Energized Santorum campaign showing confidence after surge

ROCK RAPIDS, Iowa —The Rick Santorum Show sold out all across Iowa Sunday. But with less than 48 hours remaining before Republicans here vote, the question is how the groundswell of enthusiasm for Santorum will translate on caucus night.

His aides insist that they are well-placed to capitalize. "We have 1,500 precinct captains already," Santorum's senior political advisor Hogan Gidley told The Hill after a final Sunday evening event in this city in Iowa's far northwestern corner. "He's well-prepared to move forward."

Gidley added that "our website traffic is up by about 500 percent in the last couple of weeks" and that fundraising has "just exploded."

ADVERTISEMENT
Iowa Secretary of State Matt Schultz, the only statewide official to endorse Santorum, told The Hill on Saturday evening that he was confident the former Pennsylvania senator would achieve a top three finish. Twenty-four hours later, Shultz stuck to that prediction but added an extra dollop of confidence.

"You are seeing a new candidate, a new Rick Santorum, who is so energized," he enthused Sunday evening. "I think a win or a close-second place finish will just continue that momentum."

Santorum aides have every reason to present this narrative of their man's rise. But their assertions were buttressed by the crowds.  At events in the afternoon and evening in Sioux Falls, Orange City and here, Santorum's events were standing room only.

In one of the now-standard lines in his stump speech, he refers to these events being his last visits to the cities in question "until I come back in the fall." The implication — that he will return during the general election campaign as the GOP's candidate — is cheered at every turn.

Still, there are a number of questions unanswered, not least whether the crowds that are showing up for Santorum are comprised entirely of confirmed supporters or, as would seem more likely, are being swollen by curious Iowans drawn to seeing the current person in the spotlight.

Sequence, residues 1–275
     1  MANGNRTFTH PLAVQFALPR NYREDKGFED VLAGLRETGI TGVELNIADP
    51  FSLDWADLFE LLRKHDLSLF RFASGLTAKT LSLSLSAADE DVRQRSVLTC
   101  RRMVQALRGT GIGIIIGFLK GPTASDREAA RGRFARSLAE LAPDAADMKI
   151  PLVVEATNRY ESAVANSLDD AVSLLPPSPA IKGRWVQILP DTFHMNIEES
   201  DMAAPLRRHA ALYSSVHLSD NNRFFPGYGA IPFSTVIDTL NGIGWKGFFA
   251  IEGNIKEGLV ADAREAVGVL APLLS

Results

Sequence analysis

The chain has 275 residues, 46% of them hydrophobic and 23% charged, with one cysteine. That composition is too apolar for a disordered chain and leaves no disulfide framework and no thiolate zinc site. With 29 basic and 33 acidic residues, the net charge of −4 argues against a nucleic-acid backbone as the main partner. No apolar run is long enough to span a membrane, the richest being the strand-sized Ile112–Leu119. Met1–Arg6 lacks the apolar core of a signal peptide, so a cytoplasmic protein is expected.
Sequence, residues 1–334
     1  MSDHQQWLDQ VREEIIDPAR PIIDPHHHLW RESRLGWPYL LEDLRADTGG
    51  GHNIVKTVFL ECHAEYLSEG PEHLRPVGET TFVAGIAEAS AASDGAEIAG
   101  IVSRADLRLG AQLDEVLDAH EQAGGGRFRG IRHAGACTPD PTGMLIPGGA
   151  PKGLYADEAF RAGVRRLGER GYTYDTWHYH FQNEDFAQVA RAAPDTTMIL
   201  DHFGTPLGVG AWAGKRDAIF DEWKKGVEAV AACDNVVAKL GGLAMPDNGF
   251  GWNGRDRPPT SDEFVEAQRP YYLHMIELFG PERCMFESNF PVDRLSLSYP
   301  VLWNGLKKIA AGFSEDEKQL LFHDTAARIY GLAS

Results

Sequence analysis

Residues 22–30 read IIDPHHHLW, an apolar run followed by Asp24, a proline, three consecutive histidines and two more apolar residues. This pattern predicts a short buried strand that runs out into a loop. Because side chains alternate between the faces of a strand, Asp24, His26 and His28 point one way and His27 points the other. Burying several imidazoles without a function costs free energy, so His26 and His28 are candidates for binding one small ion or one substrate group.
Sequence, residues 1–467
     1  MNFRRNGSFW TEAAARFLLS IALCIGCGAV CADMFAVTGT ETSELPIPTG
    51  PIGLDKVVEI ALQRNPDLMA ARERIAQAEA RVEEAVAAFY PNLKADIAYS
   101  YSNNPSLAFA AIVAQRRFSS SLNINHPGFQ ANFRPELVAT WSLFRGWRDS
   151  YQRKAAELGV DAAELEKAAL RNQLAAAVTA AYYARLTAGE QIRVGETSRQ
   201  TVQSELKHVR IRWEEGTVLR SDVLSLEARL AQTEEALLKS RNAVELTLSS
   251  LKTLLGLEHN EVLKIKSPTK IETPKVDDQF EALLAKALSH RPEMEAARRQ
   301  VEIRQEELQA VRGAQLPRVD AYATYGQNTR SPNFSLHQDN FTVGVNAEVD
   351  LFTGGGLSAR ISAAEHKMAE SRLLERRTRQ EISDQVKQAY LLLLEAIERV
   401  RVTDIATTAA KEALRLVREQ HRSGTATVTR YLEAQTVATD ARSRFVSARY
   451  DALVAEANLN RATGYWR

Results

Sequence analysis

As the crowd spilled out from Santorum's Orange City event, one middle-aged man was asked by his female companion what he thought of Santorum's performance, "I could vote for him," the man replied cautiously, "but I'll have to do some more research first."

Santorum will also have to weather attacks from his rivals. On the political talk shows Sunday Sen. Rand Paul (R-Ky.), son of GOP hopeful Rep. Ron Paul, suggested Santorum was a "fair-weather conservative.” Gov. Rick Perry (Texas) has attacked Santorum’s supposed appetite for pork spending during his time as a senator representing Pennsylvania.

"'Fair-weather conservative'? First of all, I don't even know what that means," Gidley shot back. 

"Secondly, the last person I am willing to take lectures from about the use of taxpayer dollars is the man who took money out of taxpayers' pockets in the state of Texas to pay for the education of illegal aliens."

Santorum himself seems confident on one hand, yet not entirely sure of his good fortune on the other. At almost every stop, he urged supporters to wear badges showing their support for him — "on the outside of your jacket" he often stressed — perhaps mindful of continued doubts about his electability.

But his rise is, at the least, reaffirming the idea that many Republicans, especially in the state's most conservative regions, are craving an alternative to putative national frontrunner Mitt Romney.

At his event here, Santorum, without naming Romney, insisted that the forthcoming general election would be won by presenting "bright bold colors" not "pastels" to the electorate. He also implicitly compared himself with Ronald Reagan, citing the 1980 election cycle as an instance where Republicans went for a candidate from the right of the party and were rewarded with victory.

As Santorum has become more prominent, however, he has faced greater scrutiny.

His endorsement of Romney in the presidential race four years ago could be particularly problematic. In a CNN interview delivered in front of a group of smiling supporters after his event here, he argued that he had chosen Romney as the less-bad option, from a conservative perspective, than the eventual nominee, John McCain.

Santorum has mostly eschewed harsh attacks on Romney. He prefers to leave his criticism thinly veiled.

In Orange City earlier Sunday, he recalled being asked by pundits, when he was low in the polls, "has politics changed, does meeting people not matter anymore, can you just run these viral, 30,000 feet campaigns now?"

As Santorum recounted in the interviews, he would reply, "My strategy is to trust in the people of Iowa and believe you can't buy this state."